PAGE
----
Last year, the duties of the Charlottesville Planning Commission
were changed slightly
to allow its seven members to spend more time shepherding the ongoing evolution the City’s zoning regulations. Less time was to be spent on individual projects.
That new focus came into sharp relief during the Commission’s meeting on March 10, 2009. There were no individual projects on the
Commissioners heard one request to amend the comprehensive plan
and considered seven separate changes to the zoning ordinance. Consideration of these changes was requested by staff and included the following recommendations:
2. Lower the number of unrelated people who could live in the R-2U zoning district near the University of Virginia from 4 to 3
3. Allow for final site plans to be submitted with the signature of the project director, rather than the City Engineer as currently required
4. Change the code so that references to “Access and Pedestrian Walkways” link back to the City Engineer’s “City of Charlottesville Standards and Design Manual” rather than the code itself
5. Revise the section that deals with Parking Garages so that maximum widths of driveways are governed by the Design Manual and not the code itself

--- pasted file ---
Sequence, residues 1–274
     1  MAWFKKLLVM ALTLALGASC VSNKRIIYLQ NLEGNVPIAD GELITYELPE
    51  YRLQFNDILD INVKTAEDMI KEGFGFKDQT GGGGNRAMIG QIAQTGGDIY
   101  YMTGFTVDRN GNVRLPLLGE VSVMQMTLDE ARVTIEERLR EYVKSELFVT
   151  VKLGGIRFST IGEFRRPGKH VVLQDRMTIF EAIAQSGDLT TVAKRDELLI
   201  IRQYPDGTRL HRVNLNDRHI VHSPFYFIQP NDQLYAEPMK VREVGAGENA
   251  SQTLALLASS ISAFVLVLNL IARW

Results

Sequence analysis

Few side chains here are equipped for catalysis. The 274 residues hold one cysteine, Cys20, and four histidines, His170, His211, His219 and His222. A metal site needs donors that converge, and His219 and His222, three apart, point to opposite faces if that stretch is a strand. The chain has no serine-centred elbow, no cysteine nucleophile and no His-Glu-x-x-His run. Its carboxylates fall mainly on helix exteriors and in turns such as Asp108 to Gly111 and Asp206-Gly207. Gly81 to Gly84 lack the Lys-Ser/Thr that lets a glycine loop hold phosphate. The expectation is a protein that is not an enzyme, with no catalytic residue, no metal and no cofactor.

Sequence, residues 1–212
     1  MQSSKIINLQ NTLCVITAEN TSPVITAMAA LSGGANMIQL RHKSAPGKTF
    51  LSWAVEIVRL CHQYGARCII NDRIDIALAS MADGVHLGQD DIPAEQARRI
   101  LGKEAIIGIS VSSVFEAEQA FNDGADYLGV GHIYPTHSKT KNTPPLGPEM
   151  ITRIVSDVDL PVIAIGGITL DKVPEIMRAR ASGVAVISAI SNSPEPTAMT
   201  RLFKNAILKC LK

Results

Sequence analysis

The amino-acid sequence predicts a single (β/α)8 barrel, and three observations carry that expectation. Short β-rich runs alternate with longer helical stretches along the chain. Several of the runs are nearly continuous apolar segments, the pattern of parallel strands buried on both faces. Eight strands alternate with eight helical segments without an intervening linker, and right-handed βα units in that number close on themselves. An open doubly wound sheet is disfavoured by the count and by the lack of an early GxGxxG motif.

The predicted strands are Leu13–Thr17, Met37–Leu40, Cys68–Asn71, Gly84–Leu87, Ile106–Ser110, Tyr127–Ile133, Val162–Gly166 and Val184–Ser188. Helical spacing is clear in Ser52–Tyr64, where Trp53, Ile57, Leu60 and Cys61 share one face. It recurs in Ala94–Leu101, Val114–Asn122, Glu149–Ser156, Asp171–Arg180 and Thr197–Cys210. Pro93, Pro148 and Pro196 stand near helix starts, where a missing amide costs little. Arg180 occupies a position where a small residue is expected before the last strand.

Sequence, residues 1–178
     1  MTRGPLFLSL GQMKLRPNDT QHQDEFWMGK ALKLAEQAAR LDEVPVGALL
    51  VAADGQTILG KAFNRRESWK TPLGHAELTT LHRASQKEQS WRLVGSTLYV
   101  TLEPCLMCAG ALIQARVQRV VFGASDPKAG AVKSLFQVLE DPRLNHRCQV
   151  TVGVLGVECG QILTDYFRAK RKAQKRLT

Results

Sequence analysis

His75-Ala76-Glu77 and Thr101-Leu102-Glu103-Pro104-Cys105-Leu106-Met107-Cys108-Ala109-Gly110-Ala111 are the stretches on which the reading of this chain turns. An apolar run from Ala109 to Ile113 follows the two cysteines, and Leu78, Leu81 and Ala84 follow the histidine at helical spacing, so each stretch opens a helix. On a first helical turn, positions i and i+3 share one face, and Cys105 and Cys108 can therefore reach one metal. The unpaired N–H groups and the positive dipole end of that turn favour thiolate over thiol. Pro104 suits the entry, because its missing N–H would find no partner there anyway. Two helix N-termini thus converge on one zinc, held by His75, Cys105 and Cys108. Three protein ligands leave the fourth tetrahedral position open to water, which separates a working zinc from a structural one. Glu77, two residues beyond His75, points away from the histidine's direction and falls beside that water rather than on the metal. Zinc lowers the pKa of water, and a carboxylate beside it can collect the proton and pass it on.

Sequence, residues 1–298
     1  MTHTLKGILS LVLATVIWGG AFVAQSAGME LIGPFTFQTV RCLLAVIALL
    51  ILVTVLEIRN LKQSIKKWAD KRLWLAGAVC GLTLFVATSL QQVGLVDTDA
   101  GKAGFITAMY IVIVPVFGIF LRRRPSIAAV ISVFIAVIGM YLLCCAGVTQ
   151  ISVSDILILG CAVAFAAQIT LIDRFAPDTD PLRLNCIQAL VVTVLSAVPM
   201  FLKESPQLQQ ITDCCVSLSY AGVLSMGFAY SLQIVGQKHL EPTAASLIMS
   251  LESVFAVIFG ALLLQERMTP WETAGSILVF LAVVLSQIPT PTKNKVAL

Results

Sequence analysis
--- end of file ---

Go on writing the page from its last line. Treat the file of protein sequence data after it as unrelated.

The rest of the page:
6. Revise the “parking location and driveway sections” of the code to match the same maximum widths called for in the manual
7. Simplify the zoning code’s definitions of “building height” and “grade” and to add a definition for driveways
The public hearing on all seven items lasted for over two hours. It was decided before the meeting began that a decision on item two would be deferred, but the Commission discussed the matter anyway. Items three, four five and seven and were voted on separately and approved 7-0. Item six was approved on a 6-1 vote, with Commissioner Michael Osteen voting against because he thought the ordinance change would encourage larger driveways.